When you're a parent, it's important for you to carefully monitor your child's health — including his or her mental health. One thing to look for is to see how calm your child is. Some children are nervous or agitated a significant amount of the time, which can lead to a variety of problems. For example, a child who is nervous may experience anxiety about entering new environments, which can make life difficult. Or a child who is nervous may even act inappropriately in school, leading to discipline issues. If you've noticed a pattern of nervousness, it's time to get the child in to see his or her pediatrician. Here are some ways that this physician can help.
Discussion About What's Going On
A child may be resistant to tell you what has made him or her nervous. While some children won't know why they feel this way, others may be aware of a specific traumatic event that shifted their mannerisms. In some cases, you'll be aware of this trauma, but in other cases, the child will have kept it from you. This can especially be true as children age and may be reluctant to talk about certain issues with their parents. Your child's physician can provide a neutral and confidential person with whom your child can speak. In many cases, just getting something off his or her chest can help the child's nerves.
Depending on the severity of your child's nervousness and the impact that this issue is having on the child's life, the pediatrician may write a prescription for medication. Various types of prescription medication may be valuable for your child in terms of dulling his or her nervousness symptoms and allowing the child to lead more of a fulfilling life without these issues getting in the way.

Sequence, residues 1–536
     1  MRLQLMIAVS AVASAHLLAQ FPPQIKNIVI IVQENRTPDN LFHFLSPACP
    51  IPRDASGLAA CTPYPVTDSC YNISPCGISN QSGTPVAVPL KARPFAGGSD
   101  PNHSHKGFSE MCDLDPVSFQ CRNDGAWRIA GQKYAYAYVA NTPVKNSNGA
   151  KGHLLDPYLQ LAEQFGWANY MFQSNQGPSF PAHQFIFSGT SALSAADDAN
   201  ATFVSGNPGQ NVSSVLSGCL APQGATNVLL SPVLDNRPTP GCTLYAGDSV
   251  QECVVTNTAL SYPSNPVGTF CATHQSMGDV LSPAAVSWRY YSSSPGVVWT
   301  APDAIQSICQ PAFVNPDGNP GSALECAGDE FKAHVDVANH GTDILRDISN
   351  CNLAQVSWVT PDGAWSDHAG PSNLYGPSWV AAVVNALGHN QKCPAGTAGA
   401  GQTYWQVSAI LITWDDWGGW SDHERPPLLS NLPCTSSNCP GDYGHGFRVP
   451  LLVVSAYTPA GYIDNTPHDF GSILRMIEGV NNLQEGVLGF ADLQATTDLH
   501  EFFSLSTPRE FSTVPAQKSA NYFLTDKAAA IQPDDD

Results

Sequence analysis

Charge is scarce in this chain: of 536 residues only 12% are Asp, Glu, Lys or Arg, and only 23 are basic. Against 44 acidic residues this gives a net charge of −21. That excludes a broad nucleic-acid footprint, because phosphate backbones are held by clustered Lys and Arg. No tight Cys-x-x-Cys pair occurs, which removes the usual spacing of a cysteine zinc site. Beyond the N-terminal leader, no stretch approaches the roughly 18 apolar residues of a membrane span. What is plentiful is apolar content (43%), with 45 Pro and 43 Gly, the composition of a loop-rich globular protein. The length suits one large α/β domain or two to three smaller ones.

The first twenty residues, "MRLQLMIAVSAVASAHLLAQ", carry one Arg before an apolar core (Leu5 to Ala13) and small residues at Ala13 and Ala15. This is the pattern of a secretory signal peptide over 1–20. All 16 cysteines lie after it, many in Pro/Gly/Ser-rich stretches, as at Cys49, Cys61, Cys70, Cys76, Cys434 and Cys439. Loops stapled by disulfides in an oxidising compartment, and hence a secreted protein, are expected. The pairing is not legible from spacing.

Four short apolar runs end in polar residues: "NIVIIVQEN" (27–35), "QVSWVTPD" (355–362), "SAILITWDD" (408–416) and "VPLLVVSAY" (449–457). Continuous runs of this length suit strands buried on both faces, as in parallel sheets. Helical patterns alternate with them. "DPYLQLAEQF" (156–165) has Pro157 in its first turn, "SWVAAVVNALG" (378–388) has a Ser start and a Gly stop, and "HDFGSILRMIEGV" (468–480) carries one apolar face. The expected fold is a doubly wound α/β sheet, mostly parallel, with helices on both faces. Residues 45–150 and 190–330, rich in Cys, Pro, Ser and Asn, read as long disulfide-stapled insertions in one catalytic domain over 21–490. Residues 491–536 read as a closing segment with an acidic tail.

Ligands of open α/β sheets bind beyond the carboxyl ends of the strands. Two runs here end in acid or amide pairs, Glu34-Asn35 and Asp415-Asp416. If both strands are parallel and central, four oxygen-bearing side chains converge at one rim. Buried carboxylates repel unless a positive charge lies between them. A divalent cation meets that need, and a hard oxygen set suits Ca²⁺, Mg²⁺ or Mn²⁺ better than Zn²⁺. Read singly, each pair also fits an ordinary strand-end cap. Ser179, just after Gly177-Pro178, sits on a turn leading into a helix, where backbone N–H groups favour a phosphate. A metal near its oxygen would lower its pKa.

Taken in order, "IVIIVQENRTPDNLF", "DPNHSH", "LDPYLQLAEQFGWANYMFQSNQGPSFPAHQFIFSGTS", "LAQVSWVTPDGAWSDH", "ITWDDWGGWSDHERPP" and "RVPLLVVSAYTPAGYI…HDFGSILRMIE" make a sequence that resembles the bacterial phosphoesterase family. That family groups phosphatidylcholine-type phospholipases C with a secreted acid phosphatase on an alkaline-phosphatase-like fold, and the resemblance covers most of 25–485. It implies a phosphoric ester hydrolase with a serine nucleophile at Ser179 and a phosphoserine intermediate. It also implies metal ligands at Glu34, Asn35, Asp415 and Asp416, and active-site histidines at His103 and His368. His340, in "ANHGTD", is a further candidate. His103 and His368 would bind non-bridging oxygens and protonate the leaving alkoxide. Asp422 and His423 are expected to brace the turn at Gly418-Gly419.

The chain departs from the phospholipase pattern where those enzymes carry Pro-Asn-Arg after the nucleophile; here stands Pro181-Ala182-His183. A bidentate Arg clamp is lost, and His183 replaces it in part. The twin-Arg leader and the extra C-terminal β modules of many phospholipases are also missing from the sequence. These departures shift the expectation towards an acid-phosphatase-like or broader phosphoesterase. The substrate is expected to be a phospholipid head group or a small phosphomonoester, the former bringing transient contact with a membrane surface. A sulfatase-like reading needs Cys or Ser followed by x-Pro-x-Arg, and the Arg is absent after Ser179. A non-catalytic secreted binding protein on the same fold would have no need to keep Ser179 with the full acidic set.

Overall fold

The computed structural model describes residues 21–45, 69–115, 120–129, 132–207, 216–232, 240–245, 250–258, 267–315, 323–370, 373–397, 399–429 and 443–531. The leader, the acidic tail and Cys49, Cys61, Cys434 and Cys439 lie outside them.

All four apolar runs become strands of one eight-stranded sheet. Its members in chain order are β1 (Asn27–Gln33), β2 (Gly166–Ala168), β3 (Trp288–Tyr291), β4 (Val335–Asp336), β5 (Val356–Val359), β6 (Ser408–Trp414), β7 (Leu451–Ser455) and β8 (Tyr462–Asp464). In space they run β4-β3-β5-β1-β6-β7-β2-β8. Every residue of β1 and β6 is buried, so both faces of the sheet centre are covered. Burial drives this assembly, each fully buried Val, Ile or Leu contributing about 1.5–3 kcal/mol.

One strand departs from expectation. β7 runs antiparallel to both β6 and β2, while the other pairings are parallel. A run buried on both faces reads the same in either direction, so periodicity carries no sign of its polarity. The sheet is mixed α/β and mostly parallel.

Many pediatricians will also advocate some useful lifestyle changes that your child, with your help, can employ at home. This list can be broad. For example, the pediatrician may recommend that your child avoids watching suspenseful or violent movies or TV shows, as well as stays away from video games with the same sorts of themes. Some pediatricians may even recommend dietary changes, including a reduction in the child's sugar intake. Sugar can excite children, even in small doses, and a child who is excited may get nervous quickly. The pediatrician may also advocate the use of exercise as a way to promote better emotional health.
Contact an office, like Ada Pediatrics PA, for more help.